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Why Bassnectar's New Album, 'Into The Sun,' Makes Him More Enigmatic Than Ever

He's been called many things: The King of Dubstep, The Emperor of 808, Cousin It, but the more we try to define Bassnectar, the more he comes back with "I do what I want to do, I do what I like," and his latest release, Into The Sun, is no different.

Into The Sun is primarily characterized by collaborative efforts and nostalgic makeovers that are tied together by familiar Nectar drumming and elephantic lead synthesizers but lacks the hellacious stupefacation that blinds our auditory understanding in overwhelming nuance. The album reads like a "greatest hits" of Bassnectar's 15-year career and doesn't challenge the listener's precedented expectation of his Frankenstein genre bending. A clear indication of this is his devolvement from his pioneering hybrid trap sound heard in the fan favorite "The 808 Track" to a more rudimentary trap lean on "Speakerbox" and "Sideways" (anyone else hear the pluck melody from "Basshead" on "Sideways?").

As a follow up to 2014's Noise vs. Beauty, Into The Sun reaches further into the emotive beauty component of his melodic catalog and fills the basin with progressing basslines and angelic leads. Long-time, ready-to-rage fans will be scratching their heads looking for the onslaught of wobble and weight that comes from piling on bass samples like a seven layer dip, however, tracks like "The Mystery Spot," "Generate," and "Science Fiction" do lay on the noise element pretty heavy. While previous releases allowed the "face-melting" tracks to take a front seat and the lush, more ardent numbers sit back and supplement the flow of the album, Into The Sun is more of a slow, transcendental journey sprinkled with paroxysms of "bass in your face."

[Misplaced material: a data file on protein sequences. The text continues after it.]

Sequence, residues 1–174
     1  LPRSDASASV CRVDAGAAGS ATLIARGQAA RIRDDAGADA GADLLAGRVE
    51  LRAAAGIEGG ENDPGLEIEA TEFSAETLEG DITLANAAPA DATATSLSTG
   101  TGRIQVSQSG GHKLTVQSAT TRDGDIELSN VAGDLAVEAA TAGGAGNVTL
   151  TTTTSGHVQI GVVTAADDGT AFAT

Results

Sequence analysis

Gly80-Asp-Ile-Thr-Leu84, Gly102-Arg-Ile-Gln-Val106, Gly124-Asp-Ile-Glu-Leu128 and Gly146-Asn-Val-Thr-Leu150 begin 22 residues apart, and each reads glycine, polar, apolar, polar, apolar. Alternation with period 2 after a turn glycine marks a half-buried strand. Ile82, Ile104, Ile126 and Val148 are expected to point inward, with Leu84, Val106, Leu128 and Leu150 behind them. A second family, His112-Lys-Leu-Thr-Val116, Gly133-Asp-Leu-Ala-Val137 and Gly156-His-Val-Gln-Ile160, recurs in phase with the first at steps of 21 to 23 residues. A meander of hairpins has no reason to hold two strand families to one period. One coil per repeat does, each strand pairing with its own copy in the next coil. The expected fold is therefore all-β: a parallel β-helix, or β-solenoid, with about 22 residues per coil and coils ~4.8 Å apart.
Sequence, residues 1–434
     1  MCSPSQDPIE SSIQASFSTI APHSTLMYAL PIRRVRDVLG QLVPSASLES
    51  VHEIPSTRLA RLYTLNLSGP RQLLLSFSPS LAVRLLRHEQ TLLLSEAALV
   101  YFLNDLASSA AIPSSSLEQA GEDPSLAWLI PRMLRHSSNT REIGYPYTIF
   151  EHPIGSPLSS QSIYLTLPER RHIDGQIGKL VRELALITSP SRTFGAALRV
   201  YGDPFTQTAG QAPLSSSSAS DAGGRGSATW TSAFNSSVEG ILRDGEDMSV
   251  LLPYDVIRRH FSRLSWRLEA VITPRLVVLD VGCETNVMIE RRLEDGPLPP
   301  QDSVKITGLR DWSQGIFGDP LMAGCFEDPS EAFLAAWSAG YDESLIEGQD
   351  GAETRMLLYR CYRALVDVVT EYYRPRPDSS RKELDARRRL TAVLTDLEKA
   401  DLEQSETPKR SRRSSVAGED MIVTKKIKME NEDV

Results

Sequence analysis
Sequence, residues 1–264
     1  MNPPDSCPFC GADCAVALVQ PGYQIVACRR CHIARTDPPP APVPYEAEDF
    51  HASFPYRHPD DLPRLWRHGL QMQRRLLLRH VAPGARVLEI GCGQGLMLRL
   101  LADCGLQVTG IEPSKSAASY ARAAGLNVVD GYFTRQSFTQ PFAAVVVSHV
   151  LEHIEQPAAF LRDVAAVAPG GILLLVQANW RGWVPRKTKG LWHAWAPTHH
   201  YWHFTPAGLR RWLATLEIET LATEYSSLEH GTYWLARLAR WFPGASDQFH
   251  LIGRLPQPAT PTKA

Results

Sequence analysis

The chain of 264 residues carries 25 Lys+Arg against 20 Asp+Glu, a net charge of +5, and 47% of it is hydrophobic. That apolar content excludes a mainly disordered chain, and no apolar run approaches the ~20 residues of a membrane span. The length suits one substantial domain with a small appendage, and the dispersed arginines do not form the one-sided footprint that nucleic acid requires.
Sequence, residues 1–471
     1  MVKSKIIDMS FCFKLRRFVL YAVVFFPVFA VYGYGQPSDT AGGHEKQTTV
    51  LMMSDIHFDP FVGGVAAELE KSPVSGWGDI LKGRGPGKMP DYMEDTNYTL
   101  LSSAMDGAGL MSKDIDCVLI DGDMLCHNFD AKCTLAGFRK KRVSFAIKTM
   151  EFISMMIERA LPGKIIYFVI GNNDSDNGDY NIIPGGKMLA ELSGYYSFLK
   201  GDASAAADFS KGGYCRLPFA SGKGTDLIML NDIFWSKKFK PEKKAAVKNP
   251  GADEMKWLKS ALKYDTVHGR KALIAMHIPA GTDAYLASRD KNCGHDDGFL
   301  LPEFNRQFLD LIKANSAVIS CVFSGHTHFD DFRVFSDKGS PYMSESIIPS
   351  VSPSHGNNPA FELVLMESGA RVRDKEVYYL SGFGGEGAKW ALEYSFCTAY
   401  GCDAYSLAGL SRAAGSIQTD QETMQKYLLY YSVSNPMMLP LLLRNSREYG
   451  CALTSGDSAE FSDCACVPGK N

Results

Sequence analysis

An important thing to consider when riding Into The Sun is 5 tracks are new collaborations, 5 are 2015 reworks, 4 are remixes, and only 2 are 100% originals. By the numbers, one would assume Bassnectar is slacking, but in an interview with Rolling Stone last October he revealed his process for selecting collaborators, and the declaration acts as a precursor to the structure of the new album:

"I'm obsessed with getting music to sound cleaner, thicker, heavier and 'as perfect as possible,'" Bassnectar continues. "I could hear a lot of ways that [Craz's] ideas could be more explosive and complete and asked if he wanted to team up on that song."

The above statement is the most progressive element found on Into The Sun. Bassnectar is now taking the time to reach out to SoundCloud's sea of potential and showing them the potential in their own works, hence five collaborations with relatively unknown producers. In this respect, the album is Bassnectar casting himself "into the sun" so his solar-flared pupils can blast out into the universe. This could simply be the time in Bassnectar's career that he wants to give back to the producer community, so with this in mind, make sure to go the extra mile by digging into the other artists featured on the album:

LEViTATE - Seattle

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G Jones - Santa Cruz

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Louis Futon - Philidelphia

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Gnar Gnar - Los Angeles

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Luzcid - New York

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